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What Made Done's Northern Quarter Resi Tower Fourth Time Lucky?

Persistence is always rewarded, so the saying goes. But Fred Done-controlled property developer Salboy has exceeded expectations by winning planning permission for a 17-storey Manchester Northern Quarter residential tower at the fourth attempt.

And not just winning. The tower plan now approved for the site at Shudehill/Turner Street is five floors higher than the original proposals rejected on the grounds that they were too tall.

How did they manage it? Bisnow has some answers.

Left, the site of the Salboy tower development at Shudehill

Salboy's plans for a 65-unit residential scheme centred on a 17-storey tower in the largely low-rise Northern Quarter district of Manchester. It encountered opposition since the planning application was made in 2017.

Yet not only did Salboy overcome objections, but it eventually succeeded in winning consent for a tower five stories taller than the original plans which had been rejected due to their excessive height.

Coming as the Manchester Planning Committee inflicted a severe reduction in height on Logick Development's plans for a Castlefield residential tower, the approval can offer insight into what is happening in the city council's planning body and what can be done to push through or reject a proposal.

Things Are Happening In The Labour Caucus

It used to be fairly clear how the Manchester City Council planning committee worked: senior Labour councillors agreed a position and the caucus voted for it. That system has been under pressure from a grassroots rebellion as the Old-New Labour regime of Sir Richard Leese confronts a localist Momentum upsurge. The result has been tension on the planning committee and several upsets in the last 12 months.

Yet there are also pressures pushing in the opposite direction, from which Salboy has benefitted. The oldest and most reliable rule of thumb in local politics has kicked in: The winner in any dispute is the one who can hold out longest. Persistent developer applicants like Salboy, and senior councillors like Richard Leese and Pat Karney who have been in charge for two decades, are therefore beginning to reclaim ground.

Objectors Played A Poor Game

Another iron rule of local politics is that local residents almost always react to problems too late to have much impact, and when they do, they devote too much energy to the aspect of the problem where their influence is least likely to be successful. Take a contender slow off the blocks and poor at compromise versus a developer on the front foot who understands that compromises will be necessary, and the result is a foregone conclusion.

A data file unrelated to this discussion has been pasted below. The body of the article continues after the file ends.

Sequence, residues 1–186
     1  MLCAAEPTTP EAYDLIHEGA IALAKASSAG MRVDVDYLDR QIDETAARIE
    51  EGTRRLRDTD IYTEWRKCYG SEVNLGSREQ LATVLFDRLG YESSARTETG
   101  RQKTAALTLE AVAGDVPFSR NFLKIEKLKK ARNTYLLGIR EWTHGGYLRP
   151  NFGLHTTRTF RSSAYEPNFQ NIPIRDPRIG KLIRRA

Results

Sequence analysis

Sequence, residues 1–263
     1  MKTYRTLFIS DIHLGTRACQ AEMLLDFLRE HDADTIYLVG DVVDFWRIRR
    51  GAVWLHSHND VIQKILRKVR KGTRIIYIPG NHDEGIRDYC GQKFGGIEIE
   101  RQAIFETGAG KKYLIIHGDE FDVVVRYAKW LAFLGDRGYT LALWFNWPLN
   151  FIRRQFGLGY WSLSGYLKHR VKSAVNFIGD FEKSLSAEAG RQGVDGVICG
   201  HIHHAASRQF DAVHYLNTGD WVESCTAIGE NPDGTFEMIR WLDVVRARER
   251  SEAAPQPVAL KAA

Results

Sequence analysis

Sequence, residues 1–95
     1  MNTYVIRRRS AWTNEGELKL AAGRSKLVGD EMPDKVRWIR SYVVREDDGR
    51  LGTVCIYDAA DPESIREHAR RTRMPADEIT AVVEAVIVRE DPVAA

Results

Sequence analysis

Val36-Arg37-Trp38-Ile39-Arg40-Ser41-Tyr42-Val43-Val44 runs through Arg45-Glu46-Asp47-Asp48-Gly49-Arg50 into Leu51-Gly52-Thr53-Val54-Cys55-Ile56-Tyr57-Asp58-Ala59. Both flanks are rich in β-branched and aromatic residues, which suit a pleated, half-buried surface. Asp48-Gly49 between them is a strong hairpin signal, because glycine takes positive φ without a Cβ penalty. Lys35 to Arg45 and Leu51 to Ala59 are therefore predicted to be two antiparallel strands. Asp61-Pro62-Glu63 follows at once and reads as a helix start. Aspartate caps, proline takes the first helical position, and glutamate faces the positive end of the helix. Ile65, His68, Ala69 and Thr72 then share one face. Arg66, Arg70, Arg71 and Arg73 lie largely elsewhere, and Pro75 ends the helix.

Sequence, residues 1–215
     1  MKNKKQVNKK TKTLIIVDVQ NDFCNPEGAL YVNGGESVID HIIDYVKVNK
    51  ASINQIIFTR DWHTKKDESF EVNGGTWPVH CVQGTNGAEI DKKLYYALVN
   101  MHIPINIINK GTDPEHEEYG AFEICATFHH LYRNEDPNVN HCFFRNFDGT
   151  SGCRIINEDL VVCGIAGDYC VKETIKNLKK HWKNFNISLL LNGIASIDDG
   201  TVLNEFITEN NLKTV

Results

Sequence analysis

Salboy rethought the original hotel plan, rethought the retention of some historic buildings, rethought the design (opting for something light and glassy that the heritage watchdogs liked) and recalculated its profit. The objectors, on the other hand, continued to make largely the same objections to a tall building, regardless that heritage bodies had already given it a green light in principle. Indeed, Heritage England encouraged the developers to go taller than the original 12 storeys, saying it would "create a positive landmark that would improve the area’s legibility," according to the report presented to councillors.

Scratch That, Objectors Played A Very Poor Game

It is even worse than it looks for objectors, whose original concern was that the block was out of sympathy with the Northern Quarter, and risked the area's distinctive character. Part of that anxiety is about an influx of expensive apartments with little affordable housing. By overplaying concerns about heritage, and therefore pushing developers to keep a larger proportion of the site's historic buildings, they have helped secure a scheme with no affordable housing and apartments up to £480K each, the Manchester Evening News reports.

Changes in the rules which grassroots campaigners hoped would increase the volume of affordable housing instead ended up helping the developers reduce it.

In this case the figures showed a benchmark land value of £1.45M and a build cost of £16.4M. Assuming some variations and contingencies, total cost was £20.35M, meaning the developer took a profit on cost of 2.89%, some way short of the 20% assumption allowed by the rules. This gave Salboy an opportunity to play the generosity card by announcing they would proceed the development despite the low profit, and "agreed to enter into a legal agreement which will include a provision for a reconciliation which would require a contribution to be paid if values change at an agreed point."

Developers Picked A Good Place To Stand And Fight

The prominent Shudehill site had been derelict for years and before that had spent decades underutilised and shabby. It was not a good place for Northern Quarter partisans to fight a "save our lovely neighbourhood" campaign. Indeed, heritage observers largely favoured change. The new, taller development "would reinforce the cohesion of the urban form and improve the character and quality of a site that has poor aesthetic value with a sense of inactivity and dereliction," a report to councillors said.